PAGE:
Hutton’s defects, contd.
Terrific piece by Jonathan Freedland in today’s Guardian. Extract:
“For one thing, Lord Hutton seemed to have turned a deaf ear to crucial facts and testimony. Transcripts of interviews that the BBC Newsnight journalist Susan Watts had recorded with Dr Kelly corroborated much of what Gilligan claimed, not least the scientist’s statement that the 45-minute claim was “got out of all proportion”. But Lord Hutton appears to have put those transcripts out of his mind, preferring to assume that Dr Kelly could not have said what Gilligan claimed he had.
The judge further chose to believe there was no “underhand strategy” to name Dr Kelly, gliding over Mr Campbell’s diary entries in which he confessed his desperation to get the scientist’s name out. Lord Hutton concluded there was no leaking, even though newspaper reports from last summer show someone must have been pointing reporters very directly towards Dr Kelly.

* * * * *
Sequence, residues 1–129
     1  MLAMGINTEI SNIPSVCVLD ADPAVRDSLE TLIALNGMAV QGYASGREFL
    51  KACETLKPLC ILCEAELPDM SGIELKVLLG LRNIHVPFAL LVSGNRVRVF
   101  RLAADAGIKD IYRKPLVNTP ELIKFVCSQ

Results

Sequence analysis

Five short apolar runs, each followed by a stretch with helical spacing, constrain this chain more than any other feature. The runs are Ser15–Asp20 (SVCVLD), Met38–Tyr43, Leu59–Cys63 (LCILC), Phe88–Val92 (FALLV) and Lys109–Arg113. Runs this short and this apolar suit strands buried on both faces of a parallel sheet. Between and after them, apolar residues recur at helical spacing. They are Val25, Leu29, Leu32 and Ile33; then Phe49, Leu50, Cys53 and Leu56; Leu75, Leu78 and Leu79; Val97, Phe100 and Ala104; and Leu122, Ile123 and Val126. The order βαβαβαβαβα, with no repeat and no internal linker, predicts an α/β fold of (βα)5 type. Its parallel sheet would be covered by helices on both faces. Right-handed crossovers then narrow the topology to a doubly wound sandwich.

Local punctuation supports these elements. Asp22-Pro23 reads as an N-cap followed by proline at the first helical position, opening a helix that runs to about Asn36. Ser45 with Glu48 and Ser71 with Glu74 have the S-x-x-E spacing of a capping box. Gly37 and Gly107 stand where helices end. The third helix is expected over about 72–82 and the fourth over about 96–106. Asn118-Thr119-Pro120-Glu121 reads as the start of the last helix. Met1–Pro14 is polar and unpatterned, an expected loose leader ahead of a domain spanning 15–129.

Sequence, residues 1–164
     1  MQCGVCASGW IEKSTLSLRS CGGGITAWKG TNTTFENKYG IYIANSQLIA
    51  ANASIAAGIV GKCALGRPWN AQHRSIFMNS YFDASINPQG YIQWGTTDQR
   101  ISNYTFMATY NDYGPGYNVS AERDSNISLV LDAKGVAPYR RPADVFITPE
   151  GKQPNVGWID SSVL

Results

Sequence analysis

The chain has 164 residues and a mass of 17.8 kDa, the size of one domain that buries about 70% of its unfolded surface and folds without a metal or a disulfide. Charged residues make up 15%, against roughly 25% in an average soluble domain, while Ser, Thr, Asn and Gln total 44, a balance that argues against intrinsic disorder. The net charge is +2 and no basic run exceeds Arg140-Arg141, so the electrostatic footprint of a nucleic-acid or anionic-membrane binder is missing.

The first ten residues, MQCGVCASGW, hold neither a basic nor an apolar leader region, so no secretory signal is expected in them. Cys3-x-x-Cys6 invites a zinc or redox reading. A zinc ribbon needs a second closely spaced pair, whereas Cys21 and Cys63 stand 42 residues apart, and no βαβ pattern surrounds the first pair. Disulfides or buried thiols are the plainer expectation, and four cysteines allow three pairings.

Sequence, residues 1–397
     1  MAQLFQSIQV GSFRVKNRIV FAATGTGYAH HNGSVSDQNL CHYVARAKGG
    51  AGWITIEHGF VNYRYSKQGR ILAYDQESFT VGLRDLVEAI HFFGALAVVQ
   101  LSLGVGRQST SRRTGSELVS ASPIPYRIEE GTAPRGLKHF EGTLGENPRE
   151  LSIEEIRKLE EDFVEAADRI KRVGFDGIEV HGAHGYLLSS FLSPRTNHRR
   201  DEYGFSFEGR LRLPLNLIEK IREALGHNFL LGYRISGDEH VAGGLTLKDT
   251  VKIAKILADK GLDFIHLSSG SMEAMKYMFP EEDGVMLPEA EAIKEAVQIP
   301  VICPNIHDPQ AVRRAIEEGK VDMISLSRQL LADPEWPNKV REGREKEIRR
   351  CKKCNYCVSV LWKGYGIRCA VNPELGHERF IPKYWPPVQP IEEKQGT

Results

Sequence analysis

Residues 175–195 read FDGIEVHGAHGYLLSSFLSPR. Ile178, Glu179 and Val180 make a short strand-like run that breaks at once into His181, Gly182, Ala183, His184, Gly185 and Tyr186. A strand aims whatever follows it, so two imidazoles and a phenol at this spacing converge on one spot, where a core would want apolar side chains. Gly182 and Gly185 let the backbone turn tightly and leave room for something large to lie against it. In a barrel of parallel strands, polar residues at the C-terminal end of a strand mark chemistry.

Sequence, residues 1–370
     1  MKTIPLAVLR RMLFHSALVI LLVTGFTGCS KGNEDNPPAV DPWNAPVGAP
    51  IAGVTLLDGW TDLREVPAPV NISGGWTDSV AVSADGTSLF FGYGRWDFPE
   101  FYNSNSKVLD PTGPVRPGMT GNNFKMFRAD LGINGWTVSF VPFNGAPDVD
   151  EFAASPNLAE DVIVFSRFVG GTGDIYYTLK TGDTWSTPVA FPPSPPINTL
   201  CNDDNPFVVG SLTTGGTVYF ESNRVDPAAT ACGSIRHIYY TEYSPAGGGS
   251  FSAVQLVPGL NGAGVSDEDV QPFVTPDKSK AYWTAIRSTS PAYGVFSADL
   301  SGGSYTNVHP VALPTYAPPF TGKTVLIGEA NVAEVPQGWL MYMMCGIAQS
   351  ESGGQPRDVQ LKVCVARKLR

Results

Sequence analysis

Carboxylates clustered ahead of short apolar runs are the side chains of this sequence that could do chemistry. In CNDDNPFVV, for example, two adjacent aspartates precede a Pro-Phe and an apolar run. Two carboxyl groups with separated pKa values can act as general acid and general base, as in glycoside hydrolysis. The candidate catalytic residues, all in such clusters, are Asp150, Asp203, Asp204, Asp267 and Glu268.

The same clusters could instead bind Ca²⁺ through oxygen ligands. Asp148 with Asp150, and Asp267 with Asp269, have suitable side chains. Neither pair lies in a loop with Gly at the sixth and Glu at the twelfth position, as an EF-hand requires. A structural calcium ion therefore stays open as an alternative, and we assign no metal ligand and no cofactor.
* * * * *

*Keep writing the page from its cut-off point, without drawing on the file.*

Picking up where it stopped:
He ruled there had been no meddling with the substance of the September dossier, just some beefing up of language, even though one expert witness, Dr Brian Jones, testified that, when it comes to intelligence, wording is substance.
On each element of the case before him, Lord Hutton gave the government the benefit of the doubt, opting for the interpretation that most favoured it, never countenancing the gloss that might benefit the BBC. Perhaps the clearest example was Lord Hutton’s very judge-like deconstruction of the “slang expression” sexed up. One meaning could be inserting items that are untrue, he said; another could simply be strengthening language. Under the latter definition, Hutton conceded, Gilligan’s story would be true. So his lordship decided the other meaning must apply….”